LOS ANGELES, CA-There are a couple of ways of looking at the Los Angeles Clippers’ 104-101 defeat to the Miami Heat Sunday afternoon. The Clippers could probably find some kind of solace in their home defeat to Miami for the way they overcame a 25-point third quarter deficit to take a one-point lead with 17 ticks left on the clock in the fourth quarter.
For 12 minutes, the Clippers dug in defensively, holding the Heat to just 15 points in the fourth quarter. After a slumbering three quarters, the Clippers offense, led by the hot-shooting of reserve Lou Williams, woke up long enough to score 35 points in the final period, good enough to have the Staples Center crowd rocking.
It seemed the Clippers were doing everything right that that they did not do through the first three quarters of play. They can also point to the fact that their bench, which has been a large handicap the past couple of seasons, were the ones to jumpstart and ignited the improbable comeback for Los Angeles.
The Clippers also have to look at the fact that they didn’t find a way to finish the job. Looking at film to figure how they found themselves down 25 points to the Heat in the first place might help in that area. Completing the epic comeback would have been a dose of good karma for the Clippers as they head off into travel space to embark on a long road trip.
The Clippers play their next eight of nine games on the road. That might be a good thing after dropping their last two home games. With 17 seconds left in the game guard Austin Rivers stood at the free throw line with the opportunity to extend the Clippers’ one-point advantage into a possible three-point lead.
That didn’t happen as Rivers missed both free throws. Miami tacked on four straight free throws and that was your ballgame. It was a bitter pill for the Clippers to swallow after it appeared they had secured an improbable win.
“It’s tough when you lose a game like that and you play the way that we played throughout the first three quarters,” Clippers coach Doc Rivers said. “The second unit saved us; they were spectacular. We had all five second-unit guys on the floor when we were down 20, maybe even more. They’re the team that got us back into the game, they just played hard.”
Doc Rivers cited the backup unit’s intensity that got things going for the Clippers.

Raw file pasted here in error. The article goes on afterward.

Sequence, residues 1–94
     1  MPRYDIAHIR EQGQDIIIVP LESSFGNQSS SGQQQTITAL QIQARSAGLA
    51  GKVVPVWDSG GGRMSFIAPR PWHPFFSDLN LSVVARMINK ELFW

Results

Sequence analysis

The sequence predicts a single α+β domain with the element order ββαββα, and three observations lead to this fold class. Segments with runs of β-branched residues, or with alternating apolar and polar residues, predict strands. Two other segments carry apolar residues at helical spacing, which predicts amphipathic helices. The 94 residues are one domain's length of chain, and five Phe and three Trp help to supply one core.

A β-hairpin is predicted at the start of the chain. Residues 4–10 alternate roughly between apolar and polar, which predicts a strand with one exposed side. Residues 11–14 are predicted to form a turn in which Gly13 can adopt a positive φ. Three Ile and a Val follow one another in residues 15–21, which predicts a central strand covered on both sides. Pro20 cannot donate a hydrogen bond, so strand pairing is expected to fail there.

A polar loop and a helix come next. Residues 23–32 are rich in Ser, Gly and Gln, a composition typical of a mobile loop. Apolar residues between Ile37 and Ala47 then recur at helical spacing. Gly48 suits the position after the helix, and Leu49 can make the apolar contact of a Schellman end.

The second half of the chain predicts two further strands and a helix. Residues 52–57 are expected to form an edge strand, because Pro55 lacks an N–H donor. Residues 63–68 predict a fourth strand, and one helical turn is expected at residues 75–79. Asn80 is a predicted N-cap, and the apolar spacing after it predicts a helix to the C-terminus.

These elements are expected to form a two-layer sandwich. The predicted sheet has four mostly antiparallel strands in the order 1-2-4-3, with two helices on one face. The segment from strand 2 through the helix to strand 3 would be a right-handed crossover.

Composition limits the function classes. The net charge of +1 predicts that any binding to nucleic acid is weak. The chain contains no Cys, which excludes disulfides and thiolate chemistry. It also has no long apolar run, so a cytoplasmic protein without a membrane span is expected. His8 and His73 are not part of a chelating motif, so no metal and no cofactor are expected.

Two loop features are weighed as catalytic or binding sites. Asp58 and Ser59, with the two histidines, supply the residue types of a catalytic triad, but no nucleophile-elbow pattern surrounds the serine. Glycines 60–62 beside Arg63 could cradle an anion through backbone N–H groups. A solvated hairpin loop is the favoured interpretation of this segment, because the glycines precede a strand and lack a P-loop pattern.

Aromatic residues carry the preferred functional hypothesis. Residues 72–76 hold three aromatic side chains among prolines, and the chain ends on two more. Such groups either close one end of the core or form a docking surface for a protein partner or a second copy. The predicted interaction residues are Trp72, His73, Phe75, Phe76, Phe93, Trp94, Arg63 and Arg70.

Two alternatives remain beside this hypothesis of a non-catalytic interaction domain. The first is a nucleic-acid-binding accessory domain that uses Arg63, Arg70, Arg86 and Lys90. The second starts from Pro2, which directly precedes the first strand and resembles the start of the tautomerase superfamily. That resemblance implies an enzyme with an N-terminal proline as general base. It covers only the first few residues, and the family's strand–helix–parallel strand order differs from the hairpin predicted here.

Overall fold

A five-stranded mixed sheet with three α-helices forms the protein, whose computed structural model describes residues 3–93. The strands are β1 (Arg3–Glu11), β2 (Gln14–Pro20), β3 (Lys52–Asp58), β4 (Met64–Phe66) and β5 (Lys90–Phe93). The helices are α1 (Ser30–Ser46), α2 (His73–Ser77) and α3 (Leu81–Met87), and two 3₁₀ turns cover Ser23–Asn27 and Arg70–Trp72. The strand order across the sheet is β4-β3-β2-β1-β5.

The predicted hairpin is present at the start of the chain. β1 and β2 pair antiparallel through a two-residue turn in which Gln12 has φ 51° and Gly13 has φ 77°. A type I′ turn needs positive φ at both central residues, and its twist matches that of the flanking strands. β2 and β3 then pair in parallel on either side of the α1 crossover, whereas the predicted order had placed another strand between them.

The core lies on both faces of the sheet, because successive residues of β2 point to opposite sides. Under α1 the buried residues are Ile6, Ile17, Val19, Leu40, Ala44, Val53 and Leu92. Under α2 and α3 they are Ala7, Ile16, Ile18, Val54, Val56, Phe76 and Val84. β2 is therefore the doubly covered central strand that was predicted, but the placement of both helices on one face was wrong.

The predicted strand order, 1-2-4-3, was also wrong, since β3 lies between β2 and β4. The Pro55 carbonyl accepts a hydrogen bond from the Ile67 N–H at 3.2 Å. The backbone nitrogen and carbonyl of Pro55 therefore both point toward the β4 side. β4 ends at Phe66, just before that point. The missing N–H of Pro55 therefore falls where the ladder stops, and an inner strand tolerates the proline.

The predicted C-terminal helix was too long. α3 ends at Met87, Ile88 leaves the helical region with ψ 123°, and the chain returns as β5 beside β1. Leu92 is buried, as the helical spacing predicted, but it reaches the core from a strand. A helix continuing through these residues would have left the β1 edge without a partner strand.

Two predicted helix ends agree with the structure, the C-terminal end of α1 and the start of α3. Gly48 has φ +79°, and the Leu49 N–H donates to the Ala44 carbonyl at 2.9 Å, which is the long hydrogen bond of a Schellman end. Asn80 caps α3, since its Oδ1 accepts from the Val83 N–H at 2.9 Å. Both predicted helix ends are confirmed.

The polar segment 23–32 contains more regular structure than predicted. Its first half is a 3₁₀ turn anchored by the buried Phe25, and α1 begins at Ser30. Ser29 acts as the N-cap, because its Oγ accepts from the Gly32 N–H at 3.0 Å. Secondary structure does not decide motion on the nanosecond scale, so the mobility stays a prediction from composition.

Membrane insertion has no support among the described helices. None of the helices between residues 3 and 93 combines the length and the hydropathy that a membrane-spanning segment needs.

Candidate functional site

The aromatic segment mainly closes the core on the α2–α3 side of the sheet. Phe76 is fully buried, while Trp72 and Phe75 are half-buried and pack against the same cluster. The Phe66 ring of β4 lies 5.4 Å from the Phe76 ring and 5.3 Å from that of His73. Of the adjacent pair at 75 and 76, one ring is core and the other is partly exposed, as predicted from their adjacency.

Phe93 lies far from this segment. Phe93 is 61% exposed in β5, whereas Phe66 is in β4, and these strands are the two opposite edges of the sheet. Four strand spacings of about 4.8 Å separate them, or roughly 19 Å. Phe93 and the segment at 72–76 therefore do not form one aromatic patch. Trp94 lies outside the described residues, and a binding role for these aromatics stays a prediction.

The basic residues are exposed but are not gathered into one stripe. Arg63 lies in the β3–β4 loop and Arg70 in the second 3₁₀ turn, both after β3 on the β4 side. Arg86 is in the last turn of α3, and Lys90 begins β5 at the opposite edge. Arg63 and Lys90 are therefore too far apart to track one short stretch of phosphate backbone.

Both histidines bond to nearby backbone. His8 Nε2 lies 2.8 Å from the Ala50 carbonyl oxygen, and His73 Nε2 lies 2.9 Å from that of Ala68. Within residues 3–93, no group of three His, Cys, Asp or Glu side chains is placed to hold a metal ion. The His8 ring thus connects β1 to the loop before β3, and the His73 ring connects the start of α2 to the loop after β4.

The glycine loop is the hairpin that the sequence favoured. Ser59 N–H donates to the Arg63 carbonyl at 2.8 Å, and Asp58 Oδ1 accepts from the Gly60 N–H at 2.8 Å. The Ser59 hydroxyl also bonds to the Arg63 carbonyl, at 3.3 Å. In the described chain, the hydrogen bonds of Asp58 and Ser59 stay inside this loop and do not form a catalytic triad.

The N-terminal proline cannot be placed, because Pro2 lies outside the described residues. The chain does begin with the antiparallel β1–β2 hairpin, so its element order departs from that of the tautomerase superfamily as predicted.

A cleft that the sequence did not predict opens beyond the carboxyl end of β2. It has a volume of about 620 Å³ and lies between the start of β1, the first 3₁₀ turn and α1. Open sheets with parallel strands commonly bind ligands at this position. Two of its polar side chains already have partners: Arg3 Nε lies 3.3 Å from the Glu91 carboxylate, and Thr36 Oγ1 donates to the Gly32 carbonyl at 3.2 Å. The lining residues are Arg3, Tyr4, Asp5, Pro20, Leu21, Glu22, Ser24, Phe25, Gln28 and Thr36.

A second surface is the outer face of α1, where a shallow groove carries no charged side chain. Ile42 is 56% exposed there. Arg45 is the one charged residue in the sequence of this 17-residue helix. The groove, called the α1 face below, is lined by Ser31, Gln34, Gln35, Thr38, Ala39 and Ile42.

“They did it with their energy,” Doc Rivers said. “[Lou Williams] had a stretch for us that was great, but we gave up so many shots all game. Right now, defensively, we aren’t giving ourselves a chance to win games, so we have to fix that.”
For the first three quarters, the Clippers defense was largely missing in action as the Heat built a lead of 25 points late in the third quarter. When the Clippers hit the fourth quarter, they were staring at a 23-point hole to dig out of. The first and third quarters turned out to be headaches for the Clippers on the defensive front.
The Heat came out scorching in the first period, scoring 34 points. The Clippers could only muster 20 points, already securing a double-digit hole. The third quarter was just as brutal offensively for the Clippers as the Heat held Los Angeles to just 17 points in the quarter. The Clippers made just 4 of their 20 shots they attempted from the field, a shooting percentage of 20.
In contrast, the Clippers shot 56 percent from the field in the final period. The Clippers’ extended road trip, which includes stops in Oklahoma City, Houston, Cleveland and New York, may be a good escape for Rivers’ team.
“The road sometimes can be very mean, and sometimes it can be great,” said Doc Rivers. “I have always found early road trips to be not bad for your team because you’re forced to spend time with each other on the road and you just try to build, but we don’t have easy games. We are a team right now where every game is not an easy game, so we have to be ready to play.”
Dennis is the editor and publisher of News4usonline. He covers sports, social and racial justice, politics, equal rights, and entertainment. Dennis has over two decades of journalism experience. He earned a degree in journalism from Howard University. “I write what I’m passionate about.”